WASHINGTON — Dust is on the way to the United States this week after making the more than 6,000-mile journey from the Sahara Desert.
A massive plume darkened the sky over parts of the Caribbean this past weekend and is projected to reach the southeast United States on Wednesday. Some of the dust should reach southern Baja, with traces reaching San Diego, but the effect will be most pronounced elsewhere in the country.
This might seem to work against typical weather patterns, but dust in the United States from the Sahara happens every year. While it may not be abnormal to see the Saharan dust make its annual journey to the United States, we are expected to see more of it than usual.
Tiny individual dust particles combine to make a large plume so big that it can be picked up on satellite images and even be seen from the International Space Station.
Air quality across most of the Caribbean fell to record “hazardous” levels and experts who nicknamed the event the “Godzilla dust cloud” warned people to stay indoors and use air filters if they have one.
“This is the most significant event in the past 50 years,” said Pablo Méndez Lázaro, an environmental health specialist with the University of Puerto Rico. “Conditions are dangerous in many Caribbean islands.”
Many health specialists were concerned about those battling respiratory symptoms tied to COVID-19. Lázaro, who is working with NASA to develop an alert system for the arrival of Sahara dust, said the concentration was so high in recent days that it could even have adverse effects on healthy people.
Dust & sunsets:
The massive dust storm will make for some eye-popping sunsets.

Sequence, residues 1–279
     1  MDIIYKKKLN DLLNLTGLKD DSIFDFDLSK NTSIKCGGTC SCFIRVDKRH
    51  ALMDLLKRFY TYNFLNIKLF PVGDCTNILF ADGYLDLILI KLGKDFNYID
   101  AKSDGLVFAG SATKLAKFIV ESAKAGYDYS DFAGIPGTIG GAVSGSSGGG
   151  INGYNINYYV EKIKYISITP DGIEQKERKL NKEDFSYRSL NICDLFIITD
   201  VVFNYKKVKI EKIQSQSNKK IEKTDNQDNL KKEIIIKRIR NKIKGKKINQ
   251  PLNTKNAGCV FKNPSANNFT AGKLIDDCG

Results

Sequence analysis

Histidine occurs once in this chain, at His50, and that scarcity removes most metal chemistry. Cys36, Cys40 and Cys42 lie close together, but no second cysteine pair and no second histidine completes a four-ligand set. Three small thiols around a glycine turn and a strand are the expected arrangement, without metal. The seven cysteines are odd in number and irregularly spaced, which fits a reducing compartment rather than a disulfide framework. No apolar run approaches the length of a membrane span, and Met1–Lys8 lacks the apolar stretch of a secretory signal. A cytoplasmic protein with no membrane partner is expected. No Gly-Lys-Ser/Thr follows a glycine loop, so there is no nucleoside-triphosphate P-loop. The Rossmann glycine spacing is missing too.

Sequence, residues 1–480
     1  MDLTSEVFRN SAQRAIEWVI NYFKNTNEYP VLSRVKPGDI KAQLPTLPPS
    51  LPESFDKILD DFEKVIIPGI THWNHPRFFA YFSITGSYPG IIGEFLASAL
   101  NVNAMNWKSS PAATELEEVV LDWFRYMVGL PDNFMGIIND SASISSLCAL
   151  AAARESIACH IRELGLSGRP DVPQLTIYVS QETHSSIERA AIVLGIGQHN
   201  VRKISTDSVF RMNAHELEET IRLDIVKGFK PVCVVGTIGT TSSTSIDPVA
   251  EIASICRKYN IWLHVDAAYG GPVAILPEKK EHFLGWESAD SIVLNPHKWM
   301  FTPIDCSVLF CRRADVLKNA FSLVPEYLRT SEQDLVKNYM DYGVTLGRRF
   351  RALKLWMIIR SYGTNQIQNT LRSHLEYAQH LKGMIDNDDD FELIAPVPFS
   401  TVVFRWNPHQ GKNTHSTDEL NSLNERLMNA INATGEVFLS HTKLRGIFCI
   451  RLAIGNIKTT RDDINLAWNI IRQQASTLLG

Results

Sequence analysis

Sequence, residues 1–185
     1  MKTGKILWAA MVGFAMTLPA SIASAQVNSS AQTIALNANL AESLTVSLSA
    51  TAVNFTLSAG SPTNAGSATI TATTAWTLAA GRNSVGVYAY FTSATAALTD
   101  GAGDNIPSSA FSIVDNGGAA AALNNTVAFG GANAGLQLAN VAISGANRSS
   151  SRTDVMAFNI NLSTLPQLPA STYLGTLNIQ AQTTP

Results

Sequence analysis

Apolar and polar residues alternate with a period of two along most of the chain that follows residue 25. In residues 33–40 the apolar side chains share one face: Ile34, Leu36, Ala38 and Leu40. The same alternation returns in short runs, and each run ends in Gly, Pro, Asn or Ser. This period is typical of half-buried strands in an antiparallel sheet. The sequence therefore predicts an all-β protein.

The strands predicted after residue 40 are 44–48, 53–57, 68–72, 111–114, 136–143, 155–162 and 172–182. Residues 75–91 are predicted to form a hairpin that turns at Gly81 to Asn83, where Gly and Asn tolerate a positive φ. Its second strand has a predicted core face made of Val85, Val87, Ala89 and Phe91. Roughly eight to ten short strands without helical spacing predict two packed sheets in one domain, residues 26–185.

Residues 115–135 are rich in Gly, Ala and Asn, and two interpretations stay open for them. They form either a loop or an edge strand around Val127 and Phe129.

The colors that we see at sunrise and sunset are created by light scattering. The scattered sunlight is enhanced by water particles or pollutants, like dust, in the atmosphere.
When more dust is present, there are more particles in the atmosphere for light to refract off of, and in return we’ll see more bright shades of red, orange, yellow and pink.
Dust & air quality:
While we are expecting to see some extra vivid sunrises & sunsets, it might be healthier for some people to admire them from inside.
Since dust is moving in, naturally it will lower our air quality, and can irritate your eyes, nose and throat. Children, older adults can be especially susceptible to negative side effects along with anyone with preexisting conditions linked to heart disease, lung disease, allergies or asthma.
So, make sure that you are taking precautions like staying inside if you have a condition that would be worsened from the extra pollutants in the air.
Saharan dust, storms & tropical weather:
Dust does not kill the development of storms like hurricanes, but it does suppress it.
The big reason for this is this is that it’s bringing in dry, desert air which is the opposite of the moisture needed to fuel a storm. This will not only impact local storms, but as the dust and dry moves over the Atlantic, it will make it hard for tropical storms to grow and develop into hurricanes.
While it could slow down thunderstorms and tropical storm development for now, it does not mean that it will have a lasting impact. The dustiest time of year from this phenomenon can last through June & July.
Hurricane season sees its spike in the fall, after the dust has cleared. So, our already busy 2020 hurricane season is still expected to be very active after this break from the Saharan dust.
The Associated Press contributed to this report.